General Information: The fruit grows in small clusters of 3-10 grapes, up to 1.5 inches in diameter. Each grape can have up to 5 hard seeds. Ranging in color from greenish bronze to almost black, they are grown for eating and the production of a sweet wine.
The first record of a Muscadine vine dates back to 1534 in the Southeast U.S. Because the outer skin can be dense, some prefer to peel off the skin before eating. Just like other native grapes, this fruit is great for jam, juice, wines, or any other recipes calling for grapes. Muscadines are technically in the berry family and provide the beneficial phytonutrients associated with the purple to red range of fruits. Nutritionally speaking, muscadine grapes are low in fat and sodium, and have a healthy amount of potassium, fiber and Vitamin C. With a high antioxidant content, Muscadine are a natural superfruit.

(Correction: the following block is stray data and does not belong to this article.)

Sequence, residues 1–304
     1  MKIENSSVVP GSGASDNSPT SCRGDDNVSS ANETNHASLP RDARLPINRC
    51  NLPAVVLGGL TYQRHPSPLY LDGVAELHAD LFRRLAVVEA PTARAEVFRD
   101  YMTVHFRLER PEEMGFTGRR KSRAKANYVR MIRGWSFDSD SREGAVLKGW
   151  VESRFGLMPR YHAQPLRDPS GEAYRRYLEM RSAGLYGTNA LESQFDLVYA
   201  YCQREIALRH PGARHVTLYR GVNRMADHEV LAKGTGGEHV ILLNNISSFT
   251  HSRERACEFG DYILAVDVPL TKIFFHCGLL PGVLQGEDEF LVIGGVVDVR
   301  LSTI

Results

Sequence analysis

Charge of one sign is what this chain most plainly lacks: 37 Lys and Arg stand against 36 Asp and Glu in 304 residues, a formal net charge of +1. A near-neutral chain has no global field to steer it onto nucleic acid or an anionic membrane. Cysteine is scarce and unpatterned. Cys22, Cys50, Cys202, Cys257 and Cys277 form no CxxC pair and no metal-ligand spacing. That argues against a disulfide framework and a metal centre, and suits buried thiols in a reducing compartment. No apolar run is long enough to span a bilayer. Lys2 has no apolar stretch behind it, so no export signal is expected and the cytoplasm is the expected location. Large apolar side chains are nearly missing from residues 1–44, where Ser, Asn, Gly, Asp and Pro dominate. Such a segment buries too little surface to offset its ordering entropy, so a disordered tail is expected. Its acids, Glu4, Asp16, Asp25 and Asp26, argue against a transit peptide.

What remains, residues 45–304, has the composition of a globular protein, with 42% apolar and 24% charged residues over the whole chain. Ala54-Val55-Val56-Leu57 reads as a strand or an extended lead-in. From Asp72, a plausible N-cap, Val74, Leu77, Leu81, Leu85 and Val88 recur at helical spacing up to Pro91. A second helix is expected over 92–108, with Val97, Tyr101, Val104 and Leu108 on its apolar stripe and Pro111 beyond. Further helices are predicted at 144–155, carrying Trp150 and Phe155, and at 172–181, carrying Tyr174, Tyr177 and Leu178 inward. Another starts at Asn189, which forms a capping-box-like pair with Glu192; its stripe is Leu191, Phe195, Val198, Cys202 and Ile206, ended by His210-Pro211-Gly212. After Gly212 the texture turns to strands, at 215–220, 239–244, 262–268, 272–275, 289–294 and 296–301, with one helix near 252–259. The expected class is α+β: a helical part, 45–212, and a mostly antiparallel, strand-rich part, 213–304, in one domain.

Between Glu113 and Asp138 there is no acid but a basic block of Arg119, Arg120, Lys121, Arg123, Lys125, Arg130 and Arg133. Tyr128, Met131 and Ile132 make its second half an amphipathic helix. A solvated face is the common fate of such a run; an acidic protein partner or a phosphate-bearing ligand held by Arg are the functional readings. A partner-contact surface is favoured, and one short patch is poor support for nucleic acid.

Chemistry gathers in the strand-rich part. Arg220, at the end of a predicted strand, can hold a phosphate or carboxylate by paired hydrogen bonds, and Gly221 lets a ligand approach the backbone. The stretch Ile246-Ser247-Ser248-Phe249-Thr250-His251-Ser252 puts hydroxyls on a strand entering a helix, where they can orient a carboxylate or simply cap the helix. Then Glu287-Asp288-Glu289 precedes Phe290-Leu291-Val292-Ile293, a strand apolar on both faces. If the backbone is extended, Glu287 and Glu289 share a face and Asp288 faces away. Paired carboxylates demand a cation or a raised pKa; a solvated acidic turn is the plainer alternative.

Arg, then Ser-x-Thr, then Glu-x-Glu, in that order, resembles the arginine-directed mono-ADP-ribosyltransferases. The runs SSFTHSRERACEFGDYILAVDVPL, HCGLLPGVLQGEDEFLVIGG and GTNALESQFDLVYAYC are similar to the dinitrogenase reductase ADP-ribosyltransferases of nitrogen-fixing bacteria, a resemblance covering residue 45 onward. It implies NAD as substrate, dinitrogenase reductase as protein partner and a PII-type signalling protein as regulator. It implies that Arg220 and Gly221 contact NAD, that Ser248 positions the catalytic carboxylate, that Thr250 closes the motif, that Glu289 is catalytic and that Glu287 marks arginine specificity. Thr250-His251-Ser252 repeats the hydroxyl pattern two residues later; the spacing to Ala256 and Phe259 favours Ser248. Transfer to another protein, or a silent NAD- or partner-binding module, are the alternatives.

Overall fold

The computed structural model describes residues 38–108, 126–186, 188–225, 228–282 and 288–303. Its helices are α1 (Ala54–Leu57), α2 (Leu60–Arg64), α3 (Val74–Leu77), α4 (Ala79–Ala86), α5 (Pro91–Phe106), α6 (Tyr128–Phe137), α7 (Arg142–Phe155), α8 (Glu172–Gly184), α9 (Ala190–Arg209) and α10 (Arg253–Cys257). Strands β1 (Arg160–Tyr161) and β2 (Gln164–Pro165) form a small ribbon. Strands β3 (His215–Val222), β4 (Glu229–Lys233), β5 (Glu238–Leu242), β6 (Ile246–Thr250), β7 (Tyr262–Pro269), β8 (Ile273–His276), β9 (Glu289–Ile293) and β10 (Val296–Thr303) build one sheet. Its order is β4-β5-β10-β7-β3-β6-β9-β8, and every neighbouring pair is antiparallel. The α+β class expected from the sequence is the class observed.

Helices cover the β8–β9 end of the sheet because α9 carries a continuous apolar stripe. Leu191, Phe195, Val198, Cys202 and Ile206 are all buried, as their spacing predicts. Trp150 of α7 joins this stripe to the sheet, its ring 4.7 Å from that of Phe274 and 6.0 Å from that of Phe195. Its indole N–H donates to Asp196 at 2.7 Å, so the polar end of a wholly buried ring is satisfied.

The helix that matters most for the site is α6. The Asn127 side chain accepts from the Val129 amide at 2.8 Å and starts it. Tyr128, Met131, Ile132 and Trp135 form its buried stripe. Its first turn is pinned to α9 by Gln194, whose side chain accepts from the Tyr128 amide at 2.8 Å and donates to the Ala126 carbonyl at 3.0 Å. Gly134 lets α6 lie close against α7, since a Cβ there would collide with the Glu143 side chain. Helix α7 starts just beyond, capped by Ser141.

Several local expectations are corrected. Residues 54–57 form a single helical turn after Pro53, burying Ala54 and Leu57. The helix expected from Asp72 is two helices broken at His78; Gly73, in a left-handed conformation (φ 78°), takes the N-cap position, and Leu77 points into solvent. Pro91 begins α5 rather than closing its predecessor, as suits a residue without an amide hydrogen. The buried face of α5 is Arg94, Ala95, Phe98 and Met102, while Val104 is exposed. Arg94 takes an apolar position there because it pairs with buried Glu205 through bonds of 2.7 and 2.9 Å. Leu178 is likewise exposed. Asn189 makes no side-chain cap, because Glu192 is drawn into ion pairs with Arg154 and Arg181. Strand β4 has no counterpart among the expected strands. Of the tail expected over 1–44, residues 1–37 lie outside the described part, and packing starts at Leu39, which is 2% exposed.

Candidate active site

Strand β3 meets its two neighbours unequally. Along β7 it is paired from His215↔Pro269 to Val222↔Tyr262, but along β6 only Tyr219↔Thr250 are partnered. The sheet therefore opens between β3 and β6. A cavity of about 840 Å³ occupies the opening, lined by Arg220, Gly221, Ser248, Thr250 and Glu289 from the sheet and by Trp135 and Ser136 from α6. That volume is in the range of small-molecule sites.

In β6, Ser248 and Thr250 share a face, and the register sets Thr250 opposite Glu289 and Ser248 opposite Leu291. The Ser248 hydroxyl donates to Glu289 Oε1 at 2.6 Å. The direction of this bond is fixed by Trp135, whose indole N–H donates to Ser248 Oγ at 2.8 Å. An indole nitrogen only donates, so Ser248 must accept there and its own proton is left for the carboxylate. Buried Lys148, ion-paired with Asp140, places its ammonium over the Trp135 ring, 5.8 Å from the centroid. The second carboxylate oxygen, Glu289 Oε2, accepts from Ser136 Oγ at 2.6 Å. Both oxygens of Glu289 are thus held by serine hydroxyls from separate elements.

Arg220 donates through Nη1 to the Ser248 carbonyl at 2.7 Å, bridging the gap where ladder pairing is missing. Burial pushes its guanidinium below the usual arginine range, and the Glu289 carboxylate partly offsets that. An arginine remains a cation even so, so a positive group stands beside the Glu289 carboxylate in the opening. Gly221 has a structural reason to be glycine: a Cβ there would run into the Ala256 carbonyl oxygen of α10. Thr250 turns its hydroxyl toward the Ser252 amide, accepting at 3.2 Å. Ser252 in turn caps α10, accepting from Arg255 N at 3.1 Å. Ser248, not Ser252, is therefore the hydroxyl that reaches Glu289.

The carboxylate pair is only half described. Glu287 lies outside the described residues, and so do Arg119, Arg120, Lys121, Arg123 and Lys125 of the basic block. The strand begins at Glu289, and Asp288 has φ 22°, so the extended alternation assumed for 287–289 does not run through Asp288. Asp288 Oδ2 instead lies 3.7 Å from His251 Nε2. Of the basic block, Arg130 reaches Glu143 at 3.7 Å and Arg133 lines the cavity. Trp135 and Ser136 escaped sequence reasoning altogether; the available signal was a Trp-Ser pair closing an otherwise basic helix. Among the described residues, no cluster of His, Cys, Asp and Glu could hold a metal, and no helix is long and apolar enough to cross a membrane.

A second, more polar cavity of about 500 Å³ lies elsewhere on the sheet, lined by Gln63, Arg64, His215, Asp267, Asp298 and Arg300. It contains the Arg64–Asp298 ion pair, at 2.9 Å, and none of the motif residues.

Choose Muscadine fruits that are uniform in shape and color and free of soft spots or blemishes. Store in a shallow container, unwashed, in the refrigerator for up to 1 week.